German parliamentary team visits key Saudi institutions

Claudia Roth. (AFP file photo)
Updated 02 November 2016

German parliamentary team visits key Saudi institutions

RIYADH: Vice President of the German Parliament Claudia Roth held talks with Mohammed Al-Jiffri, Shoura Council vice president, and other Shoura members during her three-day visit to the Kingdom from Oct. 29 to Nov. 1.
Roth and her delegation were in Jeddah where visits to the King Abdallah University for Science and Technology (KAUST) and to the King Abdallah Economic City (KAEC) were on the program. “The visit underlined once again the excellent quality of the bilateral relations between the Federal Republic of Germany and the Kingdom of Saudi Arabia,” said Michael Ohnmacht, German Embassy spokesperson.
He added: “We are witnessing a period of intensified exchange and visits between the parliamentarians of the two countries,” Ohnmacht said, adding that next week a Shoura delegation will also visit Germany.
Leading a delegation which included MP Matthias Zimmer from the Christian Democratic Party, Roth also met with Ahmad Omar Al-Zailai, president of the German-Saudi Friendship Group of the Shoura Council.
Ohnmacht added that the program also included visits to the Ministry of Foreign Affairs, Ministry of Economy and Planning, the High Commission of Entertainment and various organizations. “These organizations included the National Society of Human Rights, the National Dialogue Center, the Human Rights Commission, among others,” the spokesman said.
He added that Roth “takes a special interest in the situation of women in Saudi Arabia and had talks with representatives of the Al-Nahda Charitable Society."
“She also had a meeting with businesswomen at the Riyadh Chamber of Commerce and Industry (RCCI) where there were lively discussions about the recent achievements and future challenges,” he said.
He added that “at the Princess Nourah University, the largest women’s university in the world, she met with students and academics, and could visit the very modern pediatric and maternity hospital which is scheduled to open soon.”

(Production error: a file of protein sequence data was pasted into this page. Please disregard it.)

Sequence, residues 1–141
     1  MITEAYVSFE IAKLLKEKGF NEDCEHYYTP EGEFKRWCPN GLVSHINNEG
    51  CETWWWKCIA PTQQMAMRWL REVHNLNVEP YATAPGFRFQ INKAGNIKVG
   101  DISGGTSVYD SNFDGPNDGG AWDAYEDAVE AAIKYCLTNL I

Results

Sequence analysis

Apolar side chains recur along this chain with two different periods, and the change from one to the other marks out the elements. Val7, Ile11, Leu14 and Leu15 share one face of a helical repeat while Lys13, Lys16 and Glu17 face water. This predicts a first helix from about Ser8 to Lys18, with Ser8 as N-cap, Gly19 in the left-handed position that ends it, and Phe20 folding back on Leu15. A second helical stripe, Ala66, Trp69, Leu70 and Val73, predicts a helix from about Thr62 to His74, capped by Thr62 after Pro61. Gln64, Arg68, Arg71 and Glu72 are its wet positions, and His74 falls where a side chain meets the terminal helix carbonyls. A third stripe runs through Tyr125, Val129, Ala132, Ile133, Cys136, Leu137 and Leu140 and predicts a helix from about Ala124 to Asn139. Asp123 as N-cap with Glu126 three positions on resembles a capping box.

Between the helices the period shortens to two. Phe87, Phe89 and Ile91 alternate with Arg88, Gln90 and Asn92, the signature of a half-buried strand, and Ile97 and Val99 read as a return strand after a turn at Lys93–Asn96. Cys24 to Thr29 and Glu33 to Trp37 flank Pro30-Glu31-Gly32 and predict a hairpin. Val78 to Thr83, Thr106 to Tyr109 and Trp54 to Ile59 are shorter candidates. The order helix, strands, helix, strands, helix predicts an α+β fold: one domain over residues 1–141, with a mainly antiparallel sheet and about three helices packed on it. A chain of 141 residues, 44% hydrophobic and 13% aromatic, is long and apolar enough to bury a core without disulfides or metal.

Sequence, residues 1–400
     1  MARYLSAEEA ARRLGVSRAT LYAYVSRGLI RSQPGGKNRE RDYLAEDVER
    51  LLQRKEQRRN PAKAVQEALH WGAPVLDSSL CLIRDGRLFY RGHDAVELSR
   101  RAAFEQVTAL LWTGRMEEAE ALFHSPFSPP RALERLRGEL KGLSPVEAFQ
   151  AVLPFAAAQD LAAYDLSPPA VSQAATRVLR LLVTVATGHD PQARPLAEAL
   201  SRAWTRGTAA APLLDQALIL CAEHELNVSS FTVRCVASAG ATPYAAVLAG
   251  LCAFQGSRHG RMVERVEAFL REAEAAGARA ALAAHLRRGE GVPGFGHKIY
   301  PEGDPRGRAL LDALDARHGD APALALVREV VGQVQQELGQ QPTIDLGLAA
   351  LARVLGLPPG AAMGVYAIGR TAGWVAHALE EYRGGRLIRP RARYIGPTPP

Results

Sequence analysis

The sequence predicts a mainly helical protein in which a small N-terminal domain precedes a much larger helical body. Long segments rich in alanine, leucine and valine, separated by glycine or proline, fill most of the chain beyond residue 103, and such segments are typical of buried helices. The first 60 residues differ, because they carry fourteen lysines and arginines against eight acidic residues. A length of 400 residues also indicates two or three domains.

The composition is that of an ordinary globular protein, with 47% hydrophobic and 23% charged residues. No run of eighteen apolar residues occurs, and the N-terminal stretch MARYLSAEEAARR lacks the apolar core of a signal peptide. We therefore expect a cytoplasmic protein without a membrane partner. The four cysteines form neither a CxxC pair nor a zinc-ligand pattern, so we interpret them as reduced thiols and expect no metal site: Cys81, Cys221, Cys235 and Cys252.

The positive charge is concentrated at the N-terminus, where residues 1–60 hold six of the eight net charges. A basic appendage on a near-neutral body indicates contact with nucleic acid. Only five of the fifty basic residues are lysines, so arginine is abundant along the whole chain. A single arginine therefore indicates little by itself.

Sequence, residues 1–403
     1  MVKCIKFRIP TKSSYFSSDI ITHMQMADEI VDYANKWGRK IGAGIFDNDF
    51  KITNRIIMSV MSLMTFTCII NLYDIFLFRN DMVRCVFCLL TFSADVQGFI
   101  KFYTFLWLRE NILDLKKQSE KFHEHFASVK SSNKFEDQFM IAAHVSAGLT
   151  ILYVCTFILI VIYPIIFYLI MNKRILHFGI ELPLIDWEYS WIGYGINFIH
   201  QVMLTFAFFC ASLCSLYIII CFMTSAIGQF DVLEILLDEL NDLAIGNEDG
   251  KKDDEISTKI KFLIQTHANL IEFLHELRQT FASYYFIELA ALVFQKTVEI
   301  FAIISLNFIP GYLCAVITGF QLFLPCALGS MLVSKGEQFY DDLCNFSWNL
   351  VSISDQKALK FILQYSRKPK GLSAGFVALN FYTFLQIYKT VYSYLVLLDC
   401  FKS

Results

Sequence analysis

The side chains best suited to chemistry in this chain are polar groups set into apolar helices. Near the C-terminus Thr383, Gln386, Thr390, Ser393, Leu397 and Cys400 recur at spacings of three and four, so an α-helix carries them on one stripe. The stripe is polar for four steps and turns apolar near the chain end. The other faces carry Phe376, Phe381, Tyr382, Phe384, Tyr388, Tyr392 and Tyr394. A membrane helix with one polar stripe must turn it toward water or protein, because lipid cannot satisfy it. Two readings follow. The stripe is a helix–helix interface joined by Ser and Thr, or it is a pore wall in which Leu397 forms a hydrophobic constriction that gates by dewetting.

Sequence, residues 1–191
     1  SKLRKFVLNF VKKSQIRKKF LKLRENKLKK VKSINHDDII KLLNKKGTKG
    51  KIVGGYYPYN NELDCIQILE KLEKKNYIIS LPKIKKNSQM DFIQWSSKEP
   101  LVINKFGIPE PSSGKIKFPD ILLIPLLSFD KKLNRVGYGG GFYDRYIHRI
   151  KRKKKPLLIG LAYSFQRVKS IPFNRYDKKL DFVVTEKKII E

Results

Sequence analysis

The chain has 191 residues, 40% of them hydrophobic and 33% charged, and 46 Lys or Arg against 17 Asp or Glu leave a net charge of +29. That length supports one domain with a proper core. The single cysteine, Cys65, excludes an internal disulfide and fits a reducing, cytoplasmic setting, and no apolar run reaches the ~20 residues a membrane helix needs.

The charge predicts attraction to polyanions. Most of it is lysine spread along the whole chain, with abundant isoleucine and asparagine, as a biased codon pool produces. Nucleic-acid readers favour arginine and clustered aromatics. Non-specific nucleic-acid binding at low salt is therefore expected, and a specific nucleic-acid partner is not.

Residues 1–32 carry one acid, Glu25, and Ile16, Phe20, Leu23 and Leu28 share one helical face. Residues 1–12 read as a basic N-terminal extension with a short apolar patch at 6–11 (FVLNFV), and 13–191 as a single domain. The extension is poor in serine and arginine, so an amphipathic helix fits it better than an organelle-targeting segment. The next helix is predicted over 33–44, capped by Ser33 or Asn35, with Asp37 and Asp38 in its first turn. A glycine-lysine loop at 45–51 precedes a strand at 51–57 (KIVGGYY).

Her visit in the Saudi capital was concluded by the opening of the Goethe Institute (GI) in Umm Al Hammam.
During the ceremony, Roth encouraged more Saudis to take advantage of the German language classes offered by the Goethe Institute, and expressed her hopes that it will act as a bridge-builder between the cultures and societies of the two countries.
The ceremony was attended by German Ambassador Dieter W. Haller and Goethe Institute Vice Secretary General Bruno Grosf.

Saudi Arabia urges UN to bolster efforts to criminalize racism, hatred

Updated 22 May 2019

Saudi Arabia urges UN to bolster efforts to criminalize racism, hatred

  • Strong legislation in cyberspace stressed to combat extremism

VIENNA: Saudi Arabia has called on the UN to strengthen global efforts to criminalize racial discrimination, the promotion of hatred and intolerance.

Addressing an international legal conference in Austria, Dr. Abdullah bin Fakhri Al-Ansari, an adviser to the Saudi Interior Ministry, said the Kingdom is considering new laws to clamp down on what has become a major threat to world peace and security.

Al-Ansari, who is also the ministry’s director general of legal affairs and international cooperation, told delegates that urgent action is required to combat intolerance based on ideology and race.

Leading the Saudi delegation at the 28th session of the Commission on Crime Prevention and Criminal Justice, at the UN’s offices in Vienna, he said Islam and Muslims in many countries have been subjected to deliberate campaigns of distortion.

Based on reports, Al-Ansari added that in the past few years, hatred and intolerance against Islam had reached “disturbing” levels.

The opening session of the meeting, which runs until May 24, began with a discussion on effective and humane criminal justice systems to prevent and respond to crimes motivated by intolerance or discrimination.

Al-Ansari reviewed the legislation and regulations enacted by the Kingdom to criminalize all forms of racial discrimination, hatred, intolerance, incitement, and dissemination of ideas based on racial superiority or hatred.

He said Saudi authorities are considering a new law to criminalize racism, hatred, the formation of racist organizations, attacks on places of worship, contempt for religion, the promotion of hatred, discrimination against individuals and groups, and the undermining of historical figures. The draft law also aims to protect society from discrimination on ethnic, tribal, regional, doctrinal, intellectual or political grounds.

Al-Ansari said hate speech based on extremist thought not only targets Islam and Muslims but also democratic regimes.

He urged all regional and international organizations to strengthen efforts to combat impunity for crimes against religions, condemn and prevent intolerance and discrimination, and continue to issue laws restricting hate speech against religions and their followers.

He noted the need for strong legislation in cyberspace, which he said has become a breeding ground for extremist ideas. The Saudi delegation joined representatives from Japan, Australia, Austria, Colombia and Mexico in presenting four draft resolutions on technical assistance to implement international conventions against terrorism, sexual exploitation, abuse of children and cybercrime.